A couple of days later we did the early flight back to Auckland on Sunday, caught up with a few friends, and braced ourselves for work on Monday.  It was a fun-filled and reinvigorating time away, but I’m looking forward to getting back into the swing of things here.

Licensing Process Part 4: Exams

If you’ve been following this for a few posts, you’ll have seen that to get licensed as a cadastral surveyor in New Zealand involves strict experience requirements and a decent amount of work on various projects. The good news is that, by the time you’ve factored in all those other things, the exam side of things is actually relatively simple.

There are two exam events that you need to pass to get licensed. I say exam events because, strictly speaking, neither one is a simple exam in terms of sitting down and answering questions for a few hours.

The first one is what surveyors affectionally call, the ‘laws and regs.’ I’ve also heard it referred to as ‘the hardest exam you will ever sit in your life!’ It is exactly what it sounds like, an assessment of your understanding of the statutes and regulations surrounding cadastral surveying in New Zealand. 60% of the final mark comes from a sit-down exam with direct questions about the various laws in New Zealand. The other 40% of the mark comes from a research component, which basically outlines the most complex boundary definition scenario you will ever face, and which you need to explain how to arrive at a just and equitable decision on where the boundary falls. The laws and regs exam is held once a year, every February.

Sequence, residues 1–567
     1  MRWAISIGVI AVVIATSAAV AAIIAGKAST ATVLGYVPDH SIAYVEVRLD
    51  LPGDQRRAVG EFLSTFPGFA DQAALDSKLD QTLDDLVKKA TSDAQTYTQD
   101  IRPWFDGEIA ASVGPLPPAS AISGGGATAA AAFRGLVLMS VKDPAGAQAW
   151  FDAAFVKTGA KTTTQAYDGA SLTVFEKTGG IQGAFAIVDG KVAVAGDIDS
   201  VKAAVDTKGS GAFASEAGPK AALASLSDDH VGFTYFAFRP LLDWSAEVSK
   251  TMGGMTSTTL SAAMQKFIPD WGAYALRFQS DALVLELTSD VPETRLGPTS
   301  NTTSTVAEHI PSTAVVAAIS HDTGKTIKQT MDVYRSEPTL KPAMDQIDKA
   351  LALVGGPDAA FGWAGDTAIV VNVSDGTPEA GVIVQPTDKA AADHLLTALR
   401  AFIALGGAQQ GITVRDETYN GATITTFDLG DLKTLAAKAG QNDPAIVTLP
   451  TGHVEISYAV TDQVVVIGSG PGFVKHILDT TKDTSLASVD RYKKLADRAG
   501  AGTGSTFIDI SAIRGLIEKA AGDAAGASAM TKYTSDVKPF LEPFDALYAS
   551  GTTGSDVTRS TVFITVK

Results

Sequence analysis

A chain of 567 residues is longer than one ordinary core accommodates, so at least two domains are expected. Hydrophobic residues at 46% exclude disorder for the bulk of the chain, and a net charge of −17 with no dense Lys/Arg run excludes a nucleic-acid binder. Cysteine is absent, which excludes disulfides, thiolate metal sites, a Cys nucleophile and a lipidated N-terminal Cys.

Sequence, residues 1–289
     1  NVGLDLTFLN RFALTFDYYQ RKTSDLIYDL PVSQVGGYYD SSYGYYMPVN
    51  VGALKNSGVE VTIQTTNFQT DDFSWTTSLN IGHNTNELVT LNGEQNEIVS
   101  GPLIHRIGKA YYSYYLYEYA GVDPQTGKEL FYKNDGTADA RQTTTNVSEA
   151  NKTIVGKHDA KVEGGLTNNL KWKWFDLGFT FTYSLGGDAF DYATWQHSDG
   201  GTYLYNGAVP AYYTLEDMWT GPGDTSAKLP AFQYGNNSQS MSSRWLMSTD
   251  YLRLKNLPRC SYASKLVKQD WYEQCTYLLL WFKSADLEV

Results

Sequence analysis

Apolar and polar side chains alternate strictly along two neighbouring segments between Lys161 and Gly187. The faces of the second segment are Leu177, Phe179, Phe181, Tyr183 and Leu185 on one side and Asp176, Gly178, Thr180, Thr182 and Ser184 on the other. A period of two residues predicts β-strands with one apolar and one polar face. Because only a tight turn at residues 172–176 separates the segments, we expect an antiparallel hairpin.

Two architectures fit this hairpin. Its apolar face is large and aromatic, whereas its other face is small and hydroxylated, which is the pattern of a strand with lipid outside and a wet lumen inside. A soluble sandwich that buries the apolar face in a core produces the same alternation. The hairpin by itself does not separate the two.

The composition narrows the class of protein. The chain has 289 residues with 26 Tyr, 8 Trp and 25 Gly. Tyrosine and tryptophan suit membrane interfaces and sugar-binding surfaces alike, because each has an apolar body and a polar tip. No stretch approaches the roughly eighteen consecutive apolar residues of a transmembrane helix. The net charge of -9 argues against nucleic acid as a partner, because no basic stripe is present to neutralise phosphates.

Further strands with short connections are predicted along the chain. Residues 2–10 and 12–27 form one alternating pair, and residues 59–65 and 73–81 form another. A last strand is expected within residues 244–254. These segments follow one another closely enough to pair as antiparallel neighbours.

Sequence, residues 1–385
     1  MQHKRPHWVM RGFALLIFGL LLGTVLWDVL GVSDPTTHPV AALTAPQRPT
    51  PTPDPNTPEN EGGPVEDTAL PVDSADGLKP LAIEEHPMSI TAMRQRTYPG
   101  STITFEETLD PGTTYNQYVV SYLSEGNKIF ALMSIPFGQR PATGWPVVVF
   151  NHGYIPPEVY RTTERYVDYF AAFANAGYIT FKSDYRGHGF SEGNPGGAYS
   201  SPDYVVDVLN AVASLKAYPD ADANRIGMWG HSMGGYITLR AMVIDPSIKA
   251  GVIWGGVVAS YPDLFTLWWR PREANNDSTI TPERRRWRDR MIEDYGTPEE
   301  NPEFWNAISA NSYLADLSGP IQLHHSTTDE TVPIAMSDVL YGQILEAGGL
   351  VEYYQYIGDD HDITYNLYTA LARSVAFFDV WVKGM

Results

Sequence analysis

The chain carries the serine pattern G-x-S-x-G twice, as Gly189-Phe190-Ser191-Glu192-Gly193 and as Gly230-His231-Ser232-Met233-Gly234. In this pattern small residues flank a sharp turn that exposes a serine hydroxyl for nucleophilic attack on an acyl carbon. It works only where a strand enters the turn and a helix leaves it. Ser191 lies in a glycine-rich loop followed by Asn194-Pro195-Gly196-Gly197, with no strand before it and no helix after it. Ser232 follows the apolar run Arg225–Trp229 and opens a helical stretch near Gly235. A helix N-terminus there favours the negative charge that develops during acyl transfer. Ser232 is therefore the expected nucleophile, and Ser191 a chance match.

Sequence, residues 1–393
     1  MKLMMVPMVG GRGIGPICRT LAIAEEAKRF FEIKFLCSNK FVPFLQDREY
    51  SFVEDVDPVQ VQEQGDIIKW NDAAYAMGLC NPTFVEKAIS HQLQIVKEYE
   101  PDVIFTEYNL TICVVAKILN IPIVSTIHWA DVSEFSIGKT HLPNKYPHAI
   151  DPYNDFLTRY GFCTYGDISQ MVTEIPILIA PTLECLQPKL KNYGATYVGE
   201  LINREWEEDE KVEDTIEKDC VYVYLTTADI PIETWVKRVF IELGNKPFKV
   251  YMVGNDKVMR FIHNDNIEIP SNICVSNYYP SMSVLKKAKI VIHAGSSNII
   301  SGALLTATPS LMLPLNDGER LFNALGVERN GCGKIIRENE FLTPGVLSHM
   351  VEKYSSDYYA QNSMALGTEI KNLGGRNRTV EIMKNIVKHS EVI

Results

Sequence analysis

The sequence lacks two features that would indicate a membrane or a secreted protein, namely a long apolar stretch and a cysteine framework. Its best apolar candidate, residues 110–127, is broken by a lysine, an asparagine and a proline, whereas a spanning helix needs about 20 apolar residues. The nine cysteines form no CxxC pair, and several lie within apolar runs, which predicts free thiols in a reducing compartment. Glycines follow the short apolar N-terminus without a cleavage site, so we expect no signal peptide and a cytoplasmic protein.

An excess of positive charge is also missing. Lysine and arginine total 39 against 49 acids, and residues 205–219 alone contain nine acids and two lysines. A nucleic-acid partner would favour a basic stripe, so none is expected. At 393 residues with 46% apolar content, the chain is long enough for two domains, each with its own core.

The professional entrance exam is the big one. This is the final hurdle before qualifying to be licensed. Having fulfilled the experience requirements, and completed the projects, you need to send the projects down to Wellington. There a panel of experts in the various fields I mentioned the other day will look over the projects, and come exam time, will grill you on every aspect of them. The exam is actually made up of a number of oral exams, each dealing with a different discipline within surveying. The goal is as with the projects, to prove competency in certain fields within surveying. Provided they are happy that you know your stuff, you can go away eligible to get licensed, the road finally at an end!

Now before I finish up this series, I need to mention that I have intentionally simplified some stuff, so if you’re actually planning on getting licensed, or just really keen, you should check out the original documents. The best resources to find out more are the Cadastral Survey Act 2002, along with the NZIS Annual Circular, which goes into more detail about what the projects involve. If you have any questions or comments I’d love to hear them!

Licensing Process Part 3: Projects

I’ve already discussed what’s involved with being a Licensed Cadastral Surveyor in New Zealand, and the necessary experience to get there, today I turn to look at the projects required to be submitted to be in contention to become licensed.

Basically, the projects submitted need to prove that the surveyor is competent in the following disciplines: Spatial Measurement, Cadastral Surveying, Land Development Engineering, Planning and Resource Management and Geodetic Surveying. The sort of projects that ‘show competence’ are described below: